10 December 2010 17:02 [Source: ICIS news]
LONDON (ICIS)--Improving availability and dwindling demand made it impossible for polyvinyl chloride (PVC) producers to achieve their targeted increases of €30-50/tonne ($39-66/tonne) in Iberia, market players confirmed on Friday.
Strict inventory management ahead of the year end and the resolution of several recent production problems in the Mediterranean had lead to an increase in supply into Iberia, where demand remained well below expectations on slow construction activity. As such, Spanish PVC prices remained steady at €975-990/tonne FD (free delivered) according to ICIS.
Elsewhere in Europe, negotiations were largely ongoing although contracts were expected to settle earlier than usual due to the Christmas holidays.
Several producers were adamant that they would remain firm in their bid to pass at least €30/tonne through to buyers in December, as the €27/tonne increase in upstream ethylene prices equated to increased production costs of €15/tonne, while most had been forced to absorb an additional €5-10/tonne in November.
However, the recent cold snap across much of northwest Europe, coupled with strict consumer order intake, had further limited off-take for product over December.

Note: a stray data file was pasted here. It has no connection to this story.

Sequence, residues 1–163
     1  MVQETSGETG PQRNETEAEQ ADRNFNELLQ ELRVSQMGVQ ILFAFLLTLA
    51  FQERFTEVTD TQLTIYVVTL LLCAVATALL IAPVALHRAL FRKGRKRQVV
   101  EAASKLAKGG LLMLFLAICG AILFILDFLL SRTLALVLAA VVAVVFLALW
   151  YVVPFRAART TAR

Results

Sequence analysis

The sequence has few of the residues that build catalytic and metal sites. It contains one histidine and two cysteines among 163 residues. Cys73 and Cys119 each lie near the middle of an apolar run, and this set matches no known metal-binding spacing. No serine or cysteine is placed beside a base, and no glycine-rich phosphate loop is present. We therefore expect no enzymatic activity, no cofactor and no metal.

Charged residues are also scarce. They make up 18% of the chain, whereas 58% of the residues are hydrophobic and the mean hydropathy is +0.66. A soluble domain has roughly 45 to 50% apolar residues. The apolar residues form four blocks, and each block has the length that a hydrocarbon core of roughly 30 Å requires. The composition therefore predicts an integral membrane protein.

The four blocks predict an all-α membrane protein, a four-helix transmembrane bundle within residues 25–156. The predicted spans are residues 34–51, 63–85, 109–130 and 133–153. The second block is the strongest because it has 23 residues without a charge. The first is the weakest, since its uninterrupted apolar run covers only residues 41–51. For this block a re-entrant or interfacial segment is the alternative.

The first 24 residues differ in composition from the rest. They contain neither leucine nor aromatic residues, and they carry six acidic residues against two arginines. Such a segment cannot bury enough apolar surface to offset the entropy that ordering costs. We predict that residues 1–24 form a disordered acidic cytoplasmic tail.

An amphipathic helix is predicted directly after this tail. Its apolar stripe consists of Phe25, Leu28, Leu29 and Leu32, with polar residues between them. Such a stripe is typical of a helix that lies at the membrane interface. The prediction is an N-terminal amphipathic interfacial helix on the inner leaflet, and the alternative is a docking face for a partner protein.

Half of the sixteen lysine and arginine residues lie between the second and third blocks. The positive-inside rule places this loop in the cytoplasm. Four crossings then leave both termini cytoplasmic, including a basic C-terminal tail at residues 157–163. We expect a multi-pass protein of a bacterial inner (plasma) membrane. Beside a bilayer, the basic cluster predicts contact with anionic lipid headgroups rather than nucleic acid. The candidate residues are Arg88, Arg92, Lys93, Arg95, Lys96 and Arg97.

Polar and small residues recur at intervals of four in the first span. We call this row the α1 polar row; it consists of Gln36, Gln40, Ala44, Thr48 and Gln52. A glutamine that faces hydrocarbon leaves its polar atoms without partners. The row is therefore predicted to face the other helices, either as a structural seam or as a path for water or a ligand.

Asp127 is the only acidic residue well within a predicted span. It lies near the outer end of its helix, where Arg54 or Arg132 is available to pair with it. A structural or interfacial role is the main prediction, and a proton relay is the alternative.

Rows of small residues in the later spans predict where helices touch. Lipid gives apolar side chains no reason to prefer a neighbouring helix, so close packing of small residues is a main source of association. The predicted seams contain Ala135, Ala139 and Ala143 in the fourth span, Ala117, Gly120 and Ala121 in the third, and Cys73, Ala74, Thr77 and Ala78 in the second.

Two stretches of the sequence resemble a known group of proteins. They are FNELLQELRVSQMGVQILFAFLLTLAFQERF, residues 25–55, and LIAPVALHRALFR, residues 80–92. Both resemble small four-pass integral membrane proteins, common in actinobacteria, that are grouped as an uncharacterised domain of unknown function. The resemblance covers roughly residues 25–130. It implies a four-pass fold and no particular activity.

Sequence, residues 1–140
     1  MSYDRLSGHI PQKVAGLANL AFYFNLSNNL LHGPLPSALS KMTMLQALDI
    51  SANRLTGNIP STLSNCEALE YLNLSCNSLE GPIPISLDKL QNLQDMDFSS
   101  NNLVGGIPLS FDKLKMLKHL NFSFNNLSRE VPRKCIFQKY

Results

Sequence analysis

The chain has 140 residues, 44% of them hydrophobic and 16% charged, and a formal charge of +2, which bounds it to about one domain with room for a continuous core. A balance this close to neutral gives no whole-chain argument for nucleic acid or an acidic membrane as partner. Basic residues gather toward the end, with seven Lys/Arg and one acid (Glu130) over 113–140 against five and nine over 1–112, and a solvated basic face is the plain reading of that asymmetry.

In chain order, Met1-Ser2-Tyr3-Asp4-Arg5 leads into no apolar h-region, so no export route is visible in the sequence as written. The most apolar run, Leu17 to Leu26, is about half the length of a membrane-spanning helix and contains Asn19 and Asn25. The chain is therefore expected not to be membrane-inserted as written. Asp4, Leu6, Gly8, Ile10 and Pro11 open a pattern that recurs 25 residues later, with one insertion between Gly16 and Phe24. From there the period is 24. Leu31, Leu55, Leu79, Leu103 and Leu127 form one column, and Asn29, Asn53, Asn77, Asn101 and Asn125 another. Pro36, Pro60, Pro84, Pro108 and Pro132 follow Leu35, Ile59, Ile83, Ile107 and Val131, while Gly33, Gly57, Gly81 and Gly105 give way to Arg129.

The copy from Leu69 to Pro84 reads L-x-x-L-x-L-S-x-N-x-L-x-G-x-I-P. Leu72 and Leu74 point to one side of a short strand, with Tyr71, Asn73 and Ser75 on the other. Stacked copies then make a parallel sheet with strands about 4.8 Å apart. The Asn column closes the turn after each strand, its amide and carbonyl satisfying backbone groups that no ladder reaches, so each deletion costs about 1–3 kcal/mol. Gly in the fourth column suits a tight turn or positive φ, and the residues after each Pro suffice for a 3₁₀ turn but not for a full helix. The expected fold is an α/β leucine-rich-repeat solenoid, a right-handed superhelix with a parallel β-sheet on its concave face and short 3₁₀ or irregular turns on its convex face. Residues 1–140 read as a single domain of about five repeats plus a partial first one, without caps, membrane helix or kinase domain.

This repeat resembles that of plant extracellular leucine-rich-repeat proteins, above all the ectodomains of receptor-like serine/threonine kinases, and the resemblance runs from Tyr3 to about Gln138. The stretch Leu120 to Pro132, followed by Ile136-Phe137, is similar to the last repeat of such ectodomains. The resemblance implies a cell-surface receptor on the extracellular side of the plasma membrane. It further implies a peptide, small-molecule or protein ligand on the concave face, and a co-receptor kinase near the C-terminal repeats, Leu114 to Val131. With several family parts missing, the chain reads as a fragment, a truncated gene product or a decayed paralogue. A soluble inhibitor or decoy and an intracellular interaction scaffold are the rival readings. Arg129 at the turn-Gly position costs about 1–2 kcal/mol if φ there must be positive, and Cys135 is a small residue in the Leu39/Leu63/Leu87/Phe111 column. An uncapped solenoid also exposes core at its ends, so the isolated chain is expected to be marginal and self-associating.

“The freezing conditions have frozen PVC activity too,” a producer said. “Demand will disappear completely next week as converters close down their operations for Christmas, so we are not expecting that there will be much chance to increase prices.”
A similar sentiment was echoed by others sellers, who conceded that the majority of business in December would be concluded at a rollover, although several felt that hikes of around €15/tonne would be possible at one or two lower priced accounts.
For the majority of producers, however, the main concern was currently the upcoming January ethylene contract price discussions, which were expected to get underway next week. Price ideas centred on an increase based on firm crude and naphtha and robust demand. Increments ranged from €80-100/tonne in some cases.
PVC producers were dismayed by this news, as they acknowledged that it would be extremely difficult to capture the potential increased production costs in January, traditionally a short working month with low demand.
“We already have margin to make up from November and December. It will be almost impossible to push large hikes through to buyers in January,” one manufacturer said.
However, the strongly performing caustic soda market (a by-product of upstream chlorine production) could provide some relief for integrated chlor-alkali producers, as first quarter 2011 hikes were already being talked in a €50-70/dmt (dry metric tonne) range although negotiations will not get underway in earnest until next week.
($1 = €0.76)
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